A big part of that was that the writers I met in Ireland all knew each other, and wrote both for and to each other. It may seem obvious to me now, but they were part of an ecology, a network, a community, and something was lost when you read them in isolation from the others. They weren’t writing in isolation and so they changed the way I read–little wonder that when, in a few years, I encountered what rhetoric and composition had to say about the myth of the isolated, originary writer, I was already primed for that work to resonate with me. And while it may be a stretch from the outside to connect the 20-year old me stepping out of a Dublin pub with the me who’s focused on ecologies and networks for the past several years, for me it’s always made perfect sense.

So, below the fold, is Heaney’s “The Ministry of Fear,” written for Seamus Deane:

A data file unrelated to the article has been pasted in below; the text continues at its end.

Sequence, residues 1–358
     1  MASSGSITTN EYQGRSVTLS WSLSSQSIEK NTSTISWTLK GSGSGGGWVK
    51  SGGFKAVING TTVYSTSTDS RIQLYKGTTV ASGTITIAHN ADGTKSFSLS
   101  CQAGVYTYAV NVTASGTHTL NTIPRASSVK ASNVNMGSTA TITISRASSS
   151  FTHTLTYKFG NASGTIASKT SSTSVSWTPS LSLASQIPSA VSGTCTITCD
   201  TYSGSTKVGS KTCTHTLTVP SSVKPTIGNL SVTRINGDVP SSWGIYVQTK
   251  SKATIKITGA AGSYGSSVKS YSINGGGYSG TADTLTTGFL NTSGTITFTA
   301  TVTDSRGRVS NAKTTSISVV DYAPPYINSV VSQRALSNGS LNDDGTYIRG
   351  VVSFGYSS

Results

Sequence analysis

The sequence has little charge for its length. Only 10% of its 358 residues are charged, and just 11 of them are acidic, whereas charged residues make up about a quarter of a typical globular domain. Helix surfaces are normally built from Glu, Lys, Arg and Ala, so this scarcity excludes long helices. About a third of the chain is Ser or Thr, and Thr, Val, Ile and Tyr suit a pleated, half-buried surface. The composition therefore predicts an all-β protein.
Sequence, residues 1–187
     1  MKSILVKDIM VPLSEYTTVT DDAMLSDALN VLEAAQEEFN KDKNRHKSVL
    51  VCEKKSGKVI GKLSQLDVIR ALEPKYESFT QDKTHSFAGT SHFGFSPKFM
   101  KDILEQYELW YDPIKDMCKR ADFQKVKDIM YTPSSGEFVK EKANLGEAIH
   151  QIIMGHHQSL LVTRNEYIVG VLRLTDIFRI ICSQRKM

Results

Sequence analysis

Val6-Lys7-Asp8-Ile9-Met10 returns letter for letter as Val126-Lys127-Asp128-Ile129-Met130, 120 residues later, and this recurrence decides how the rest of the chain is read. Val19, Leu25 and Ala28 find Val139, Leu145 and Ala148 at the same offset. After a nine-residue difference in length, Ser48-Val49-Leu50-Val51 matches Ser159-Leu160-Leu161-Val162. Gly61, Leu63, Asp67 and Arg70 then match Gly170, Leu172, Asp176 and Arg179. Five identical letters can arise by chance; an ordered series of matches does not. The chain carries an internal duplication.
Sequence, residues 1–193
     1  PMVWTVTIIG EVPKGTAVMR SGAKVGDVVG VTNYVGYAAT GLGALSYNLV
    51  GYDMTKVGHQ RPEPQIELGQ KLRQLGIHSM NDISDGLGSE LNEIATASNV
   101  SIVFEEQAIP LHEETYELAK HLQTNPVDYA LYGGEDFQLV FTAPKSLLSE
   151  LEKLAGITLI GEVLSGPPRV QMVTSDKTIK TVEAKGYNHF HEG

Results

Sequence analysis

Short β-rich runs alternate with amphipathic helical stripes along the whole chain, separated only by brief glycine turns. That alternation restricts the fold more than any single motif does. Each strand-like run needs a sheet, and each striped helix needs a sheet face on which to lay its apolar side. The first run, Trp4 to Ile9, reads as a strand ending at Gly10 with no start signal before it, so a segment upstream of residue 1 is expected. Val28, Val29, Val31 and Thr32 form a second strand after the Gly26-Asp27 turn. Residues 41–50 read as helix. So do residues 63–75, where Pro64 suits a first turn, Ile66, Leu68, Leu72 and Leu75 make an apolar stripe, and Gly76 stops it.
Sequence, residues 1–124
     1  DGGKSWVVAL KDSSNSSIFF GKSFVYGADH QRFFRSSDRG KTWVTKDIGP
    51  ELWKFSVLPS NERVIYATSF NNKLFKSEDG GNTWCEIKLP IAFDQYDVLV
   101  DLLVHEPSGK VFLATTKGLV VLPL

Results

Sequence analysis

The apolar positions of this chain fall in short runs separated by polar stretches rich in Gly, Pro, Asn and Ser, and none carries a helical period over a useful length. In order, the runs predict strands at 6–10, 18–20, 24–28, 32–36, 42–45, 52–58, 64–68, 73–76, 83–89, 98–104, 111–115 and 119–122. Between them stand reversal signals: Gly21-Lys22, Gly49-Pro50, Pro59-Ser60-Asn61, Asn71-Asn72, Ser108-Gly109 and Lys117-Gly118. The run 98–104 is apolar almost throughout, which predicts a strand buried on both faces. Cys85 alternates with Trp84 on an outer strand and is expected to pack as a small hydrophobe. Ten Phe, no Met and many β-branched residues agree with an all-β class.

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Apropos of a couple of different Twitter conversations yesterday, I found myself thinking last night about just how much our tiny, academic corner of the media landscape has changed in the past five or ten years. The first such conversation involved a simple request for resources–someone was looking for an article on a topic (archives) that could be included in a syllabus–and the second was about citation, and whether a particular writer had engaged with the scholarship in a specific discipline. Depending on the Venn diagram of our following, you may have seen one or both of these. I’m being purposefully vague here, though, because the details here matter less to me than the fact of the conversations themselves.